Continuing the award theme with one more bit of news: on Monday the newest issue of Adweek dropped with the winners to the 2022 Adweek Podcast of the Year Awards. The full list of winners can be found in the official Adweek post by Kennyatta Collins.
Shreya: Podcasts and music are taking a break from each other soon on Spotify, according to David Pierce’s article for The Verge, posted this Tuesday.
“Spotify has been working on a new design for its home tab that will create separate feeds for your music and your podcasts. The company says it’s part of an effort to give you more and better recommendations, but it also addresses a common criticism of the Spotify experience: with every kind of audio smushed together in the app, it can sometimes be hard to figure out.”
The new layout creates a bar at the top of the app delineating whether the user is in the Music area or one called Podcasts & Shows. Music will continue to feature new suggestions for songs and albums along with recently-listened tracks while Podcasts & Shows gets rid of music and purely focuses on new episodes of subscribed podcasts and recommendations for shows Spotify believes the user will enjoy.
Pierce offers the comparison:
“They’re not so much new home screens as new filters for your home screen. (I’d rather just have them be separate tabs altogether, but I’ll take what I can get.)”
An app redesign with a dedicated area for podcasting provides more opportunities for promotion. Podcast promotion and growth of audience is one of the hottest topics in podcasting.
Spotify providing more of those opportunities for ads in a way that doesn’t step on music-based ads is a big deal. Promotion opportunities are a big enough deal that Dan Misener and Jonas Woost of Pacific Content have left to form Bumper, an agency dedicated solely to promotion.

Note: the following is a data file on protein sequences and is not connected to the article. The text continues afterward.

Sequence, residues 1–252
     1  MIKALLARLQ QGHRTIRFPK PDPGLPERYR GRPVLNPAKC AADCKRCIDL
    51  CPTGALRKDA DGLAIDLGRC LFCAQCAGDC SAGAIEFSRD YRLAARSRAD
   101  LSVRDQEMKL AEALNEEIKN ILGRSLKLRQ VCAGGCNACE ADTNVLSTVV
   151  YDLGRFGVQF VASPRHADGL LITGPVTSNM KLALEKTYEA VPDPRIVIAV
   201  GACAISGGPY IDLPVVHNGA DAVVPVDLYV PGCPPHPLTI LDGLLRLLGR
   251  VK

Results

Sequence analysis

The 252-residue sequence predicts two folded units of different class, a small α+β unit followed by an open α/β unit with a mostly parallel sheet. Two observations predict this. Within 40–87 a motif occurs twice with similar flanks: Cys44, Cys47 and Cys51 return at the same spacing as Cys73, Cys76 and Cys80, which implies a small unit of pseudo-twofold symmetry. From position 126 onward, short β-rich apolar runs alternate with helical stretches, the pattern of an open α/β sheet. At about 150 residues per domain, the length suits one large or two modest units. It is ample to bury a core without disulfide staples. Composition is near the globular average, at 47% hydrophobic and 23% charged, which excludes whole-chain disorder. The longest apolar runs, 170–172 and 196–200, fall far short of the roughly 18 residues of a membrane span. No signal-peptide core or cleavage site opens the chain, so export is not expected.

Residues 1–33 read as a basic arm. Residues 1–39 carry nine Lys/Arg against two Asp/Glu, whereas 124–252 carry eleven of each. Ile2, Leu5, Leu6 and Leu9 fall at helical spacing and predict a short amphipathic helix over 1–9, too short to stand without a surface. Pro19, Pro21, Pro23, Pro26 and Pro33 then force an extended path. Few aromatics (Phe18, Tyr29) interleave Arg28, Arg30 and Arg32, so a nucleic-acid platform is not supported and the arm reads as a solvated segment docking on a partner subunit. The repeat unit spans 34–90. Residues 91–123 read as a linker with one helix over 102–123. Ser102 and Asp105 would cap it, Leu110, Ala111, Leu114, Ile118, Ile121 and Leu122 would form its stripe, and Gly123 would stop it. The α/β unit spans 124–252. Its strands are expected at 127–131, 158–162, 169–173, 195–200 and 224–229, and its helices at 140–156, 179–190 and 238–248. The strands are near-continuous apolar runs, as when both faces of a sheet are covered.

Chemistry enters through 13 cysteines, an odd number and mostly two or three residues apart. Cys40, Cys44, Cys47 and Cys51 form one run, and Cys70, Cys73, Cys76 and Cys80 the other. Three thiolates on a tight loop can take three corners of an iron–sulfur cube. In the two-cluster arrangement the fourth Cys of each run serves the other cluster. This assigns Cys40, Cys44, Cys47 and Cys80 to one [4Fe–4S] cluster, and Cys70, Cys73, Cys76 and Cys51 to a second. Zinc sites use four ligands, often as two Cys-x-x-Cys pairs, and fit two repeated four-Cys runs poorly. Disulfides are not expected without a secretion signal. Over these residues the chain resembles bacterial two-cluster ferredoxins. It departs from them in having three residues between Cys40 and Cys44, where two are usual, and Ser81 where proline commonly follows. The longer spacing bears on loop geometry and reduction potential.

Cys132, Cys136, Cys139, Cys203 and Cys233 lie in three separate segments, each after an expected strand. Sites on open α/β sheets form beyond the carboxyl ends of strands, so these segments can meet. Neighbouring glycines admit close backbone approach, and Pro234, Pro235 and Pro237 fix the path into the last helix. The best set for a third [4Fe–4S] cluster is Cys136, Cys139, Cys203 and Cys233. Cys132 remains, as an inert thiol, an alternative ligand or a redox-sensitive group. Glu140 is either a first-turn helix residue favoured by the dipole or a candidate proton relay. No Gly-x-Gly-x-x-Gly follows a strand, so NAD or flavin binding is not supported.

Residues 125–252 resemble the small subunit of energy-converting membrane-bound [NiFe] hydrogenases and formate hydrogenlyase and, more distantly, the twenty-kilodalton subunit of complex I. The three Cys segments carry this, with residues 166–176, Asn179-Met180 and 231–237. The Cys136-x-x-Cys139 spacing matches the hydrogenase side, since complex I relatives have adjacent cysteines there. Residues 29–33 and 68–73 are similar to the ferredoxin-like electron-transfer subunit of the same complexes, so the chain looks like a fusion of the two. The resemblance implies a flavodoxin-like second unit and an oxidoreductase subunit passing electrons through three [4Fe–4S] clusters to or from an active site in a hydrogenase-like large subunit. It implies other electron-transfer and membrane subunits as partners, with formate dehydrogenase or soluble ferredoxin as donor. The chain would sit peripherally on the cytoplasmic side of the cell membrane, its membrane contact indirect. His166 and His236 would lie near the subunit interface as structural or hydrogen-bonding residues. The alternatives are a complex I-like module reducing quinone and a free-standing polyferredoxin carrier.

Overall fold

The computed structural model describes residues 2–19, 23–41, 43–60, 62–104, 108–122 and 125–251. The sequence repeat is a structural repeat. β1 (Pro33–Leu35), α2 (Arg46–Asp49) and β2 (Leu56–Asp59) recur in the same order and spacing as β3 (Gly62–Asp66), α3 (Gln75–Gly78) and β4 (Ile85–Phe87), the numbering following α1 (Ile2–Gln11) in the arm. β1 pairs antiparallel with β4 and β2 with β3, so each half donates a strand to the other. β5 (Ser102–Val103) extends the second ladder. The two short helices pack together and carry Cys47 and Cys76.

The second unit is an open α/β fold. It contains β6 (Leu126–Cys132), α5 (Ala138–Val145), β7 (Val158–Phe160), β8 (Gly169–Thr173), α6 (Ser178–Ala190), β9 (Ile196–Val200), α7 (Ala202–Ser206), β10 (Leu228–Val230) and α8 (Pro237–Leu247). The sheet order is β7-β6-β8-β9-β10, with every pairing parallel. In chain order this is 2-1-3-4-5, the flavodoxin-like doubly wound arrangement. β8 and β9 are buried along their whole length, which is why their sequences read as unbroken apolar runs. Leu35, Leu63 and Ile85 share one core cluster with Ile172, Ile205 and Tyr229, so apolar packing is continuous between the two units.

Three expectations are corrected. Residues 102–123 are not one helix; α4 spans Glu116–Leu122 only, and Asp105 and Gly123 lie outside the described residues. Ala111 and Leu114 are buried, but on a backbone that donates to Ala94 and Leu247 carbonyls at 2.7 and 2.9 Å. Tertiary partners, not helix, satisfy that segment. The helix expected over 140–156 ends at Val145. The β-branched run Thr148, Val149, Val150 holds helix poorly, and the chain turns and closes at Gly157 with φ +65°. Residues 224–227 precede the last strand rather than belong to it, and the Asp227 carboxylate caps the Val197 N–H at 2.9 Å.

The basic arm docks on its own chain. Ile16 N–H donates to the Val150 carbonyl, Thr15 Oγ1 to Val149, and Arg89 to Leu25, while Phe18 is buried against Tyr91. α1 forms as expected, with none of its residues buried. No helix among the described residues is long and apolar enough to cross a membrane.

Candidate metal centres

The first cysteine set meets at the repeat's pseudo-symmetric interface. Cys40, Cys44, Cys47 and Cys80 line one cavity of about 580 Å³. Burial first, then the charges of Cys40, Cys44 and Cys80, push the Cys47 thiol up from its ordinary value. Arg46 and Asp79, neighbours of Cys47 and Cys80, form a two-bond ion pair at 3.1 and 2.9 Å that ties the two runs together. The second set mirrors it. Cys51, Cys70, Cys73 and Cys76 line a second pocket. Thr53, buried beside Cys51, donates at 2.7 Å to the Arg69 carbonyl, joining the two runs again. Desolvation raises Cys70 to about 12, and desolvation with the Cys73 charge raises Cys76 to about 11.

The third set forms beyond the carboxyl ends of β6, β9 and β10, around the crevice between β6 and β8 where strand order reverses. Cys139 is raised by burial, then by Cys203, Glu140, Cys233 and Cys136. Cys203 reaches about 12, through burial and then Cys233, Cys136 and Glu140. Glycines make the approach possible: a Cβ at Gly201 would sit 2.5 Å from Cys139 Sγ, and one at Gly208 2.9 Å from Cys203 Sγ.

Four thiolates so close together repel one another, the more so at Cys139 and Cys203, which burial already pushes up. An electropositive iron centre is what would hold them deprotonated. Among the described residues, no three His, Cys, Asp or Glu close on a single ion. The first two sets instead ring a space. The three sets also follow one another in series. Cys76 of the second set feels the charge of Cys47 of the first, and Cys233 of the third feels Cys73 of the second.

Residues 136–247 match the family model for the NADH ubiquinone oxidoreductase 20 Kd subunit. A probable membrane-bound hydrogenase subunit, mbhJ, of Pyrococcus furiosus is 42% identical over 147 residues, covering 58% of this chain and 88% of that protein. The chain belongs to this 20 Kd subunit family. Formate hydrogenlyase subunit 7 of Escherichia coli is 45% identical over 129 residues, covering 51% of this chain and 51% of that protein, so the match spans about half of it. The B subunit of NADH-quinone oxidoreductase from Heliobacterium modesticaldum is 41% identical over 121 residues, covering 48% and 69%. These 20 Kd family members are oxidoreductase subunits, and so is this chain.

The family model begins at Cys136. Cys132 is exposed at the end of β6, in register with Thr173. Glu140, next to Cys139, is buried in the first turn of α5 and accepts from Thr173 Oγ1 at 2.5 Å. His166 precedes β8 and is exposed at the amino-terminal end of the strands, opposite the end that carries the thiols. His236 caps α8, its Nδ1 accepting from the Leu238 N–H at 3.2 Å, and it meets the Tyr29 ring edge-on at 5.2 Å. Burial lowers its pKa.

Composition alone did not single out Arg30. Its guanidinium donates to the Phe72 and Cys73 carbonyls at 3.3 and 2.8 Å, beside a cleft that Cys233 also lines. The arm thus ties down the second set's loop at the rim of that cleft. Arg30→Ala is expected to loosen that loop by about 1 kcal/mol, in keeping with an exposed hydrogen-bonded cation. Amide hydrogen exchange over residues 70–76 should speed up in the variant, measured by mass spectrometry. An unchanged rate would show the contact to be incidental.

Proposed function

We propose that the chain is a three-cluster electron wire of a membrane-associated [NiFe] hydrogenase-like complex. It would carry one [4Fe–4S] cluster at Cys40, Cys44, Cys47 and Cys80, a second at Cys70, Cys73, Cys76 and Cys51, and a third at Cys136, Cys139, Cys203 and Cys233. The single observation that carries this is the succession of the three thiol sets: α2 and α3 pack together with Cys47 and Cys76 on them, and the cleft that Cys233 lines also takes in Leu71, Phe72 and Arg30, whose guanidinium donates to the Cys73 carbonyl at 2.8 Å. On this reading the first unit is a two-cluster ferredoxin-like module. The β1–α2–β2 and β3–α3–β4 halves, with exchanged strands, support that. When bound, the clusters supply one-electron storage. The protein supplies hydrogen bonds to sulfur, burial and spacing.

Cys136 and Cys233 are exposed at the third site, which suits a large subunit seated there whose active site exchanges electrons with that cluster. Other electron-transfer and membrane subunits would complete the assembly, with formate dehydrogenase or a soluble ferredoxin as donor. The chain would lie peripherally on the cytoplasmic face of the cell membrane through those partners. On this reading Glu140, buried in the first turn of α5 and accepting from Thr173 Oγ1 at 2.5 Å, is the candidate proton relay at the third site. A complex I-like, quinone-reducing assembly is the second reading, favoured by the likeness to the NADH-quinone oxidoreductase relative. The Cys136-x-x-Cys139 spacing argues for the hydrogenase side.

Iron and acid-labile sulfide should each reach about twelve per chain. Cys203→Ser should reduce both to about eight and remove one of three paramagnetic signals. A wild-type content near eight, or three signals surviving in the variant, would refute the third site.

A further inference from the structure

Arielle: Finally, it’s time for our semi-regular roundup of articles we’re calling Quick Hits. These are articles that didn’t quite make the cut for today’s episode, but are still worth including in your weekend reading. This week’s three great reads are:
Fundamentals of Programmatic Advertising by Evelyn Mitchell. A quick read with a helpful infographic that makes a great introduction for those not familiar with programmatic, as well as those in need of a refresher.
DoubleVerify Grows Q2 Revenue By Expanding Brand Safety To Retail Media, TikTok And Gaming by Alyssa Boyle. Notable in its absence is any entrance into podcasting. Meanwhile IAS, a direct competitor of DoubleVerify, is the brand safety service for Spotify. DoubleVerify not expanding into audio over these other verticals suggests that the IAS and Spotify relationship is more driven by Spotify looking to tend their walled garden. Perhaps the move was more motivated by Spotify themselves rather than actual advertiser demand to have a brand safety partner.
Finally, some self-promotion: Sounds Profitable’s latest research project will debut Tuesday, August 23rd during the Sounds Profitable Business Summit. The Summit, as covered in a previous episode of The Download, will take place in Dallas, Texas during the opening day of Podcast Movement. The “After These Messages” study will present a definitive take on the impact of live host-read ads, scripted ads, and announcer-read spots. This study was designed by podcast and research industry veteran Tom Webster, in partnership with Edison Research, and will be seen as an important new resource for publishers and brands. Don’t miss it.
Arielle: And that was The Download, from Sounds Profitable! I know we went through these fast, so be sure to check out the links to every article mentioned, right in your podcast listening app, or on SoundsProfitable.com/TheDownload. And thank you for sticking with us as we bring you the top stories you might have missed from the past week. I’m Arielle Nissenblatt.
Shreya : And I’m Shreya Sharma. Our producers are Bryan Barletta and Tom Webster. Special thanks to Gavin Gaddis for writing today’s script, and to Omny Studio for hosting The Download. And thanks to you for joining us.